Why is it that we in the northern climes pine all through the grey days of winter for summer to arrive? Because as sure as hurricanes and heat waves, the dog days, motionless hot air masquerading as a wall, arrive along with buzzing, stinging insects. I cut my fingernails to the top of the nail bed so I can’t scratch up a case of impetigo, reversed my daily walk routine from early morning to late evening, and wash my face with sunscreen.

Ah, but it is the time of mangoes, watermelon, and blueberries. I learned how to make Greek yogurt to complement the season’s best fruit. I drink watermelon juice and grill mangos to eat with any meat or fish. This is not winter fare! In the winter, I eat thick soups, curries, and comfort foods that warm the soul and the body.

I got a case of chiggers. I didn’t know it until I was on my commute to work. Out of nowhere, the bottom inside of my right thigh began to tingle and then  itch mercilessly. I squirmed, I scratched, and I shook until the car wobbled. I pulled off the road, got out, and searched for “ants in my pants.”  I could see nothing. I could find nothing. That’s the malevolence of chiggers: they burrow under the skin and then strike without warning. They are the ninjas of the summer bug world.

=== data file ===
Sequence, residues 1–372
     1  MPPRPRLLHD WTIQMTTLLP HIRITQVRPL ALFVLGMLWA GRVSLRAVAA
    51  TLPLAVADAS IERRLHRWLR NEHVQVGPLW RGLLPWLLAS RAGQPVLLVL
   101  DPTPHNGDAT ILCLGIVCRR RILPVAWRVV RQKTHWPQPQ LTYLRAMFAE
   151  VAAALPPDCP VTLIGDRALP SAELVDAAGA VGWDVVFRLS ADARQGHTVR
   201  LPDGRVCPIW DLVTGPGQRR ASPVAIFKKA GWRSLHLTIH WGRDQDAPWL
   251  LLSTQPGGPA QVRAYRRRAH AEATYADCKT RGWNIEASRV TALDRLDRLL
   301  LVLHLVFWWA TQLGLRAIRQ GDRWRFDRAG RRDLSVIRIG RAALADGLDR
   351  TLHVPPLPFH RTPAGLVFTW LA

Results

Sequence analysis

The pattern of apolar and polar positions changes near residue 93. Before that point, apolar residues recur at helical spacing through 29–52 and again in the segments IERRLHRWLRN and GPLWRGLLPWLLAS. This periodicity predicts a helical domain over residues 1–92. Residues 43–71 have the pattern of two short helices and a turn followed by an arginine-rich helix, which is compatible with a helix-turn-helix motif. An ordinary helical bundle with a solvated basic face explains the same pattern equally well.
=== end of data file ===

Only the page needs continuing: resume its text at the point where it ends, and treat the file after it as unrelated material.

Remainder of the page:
I Googled my bug infestation and settled on chiggers and the perfect remedy: Chigger-xx, on sale at Walmart ($3.96), Walgreens ($4.16), and Amazon ($14.00). Walmart was out of stock. The staff at Walgreens never heard of it. Amazon it was, but I have to wait two days until my order arrives. In the meantime, it’s Benadryl, anti-itch cream, and calming cream. If they don’t work, I will coat my skin with clear nail polish and suffocate the little bastards.

When summer seems a disappointment and I long for a snowy white winter, I remember listening to my dad singing in his lovely tenor voice, “Summertime and the livin’ is easy; fish are jumping and the cotton is high.”* Then I go put some more cream on my leg.

*From Porgy & Bess

Published by Carole J. Garrison

I’m a conversationalist, an observer, a passionate participant in life. And now, in my later years, I’m a recorder of the lessons of my life through essays, stories, and novels. I live in the fourth moment of life, just outside the normal distribution of most people and it is from this place that I write.

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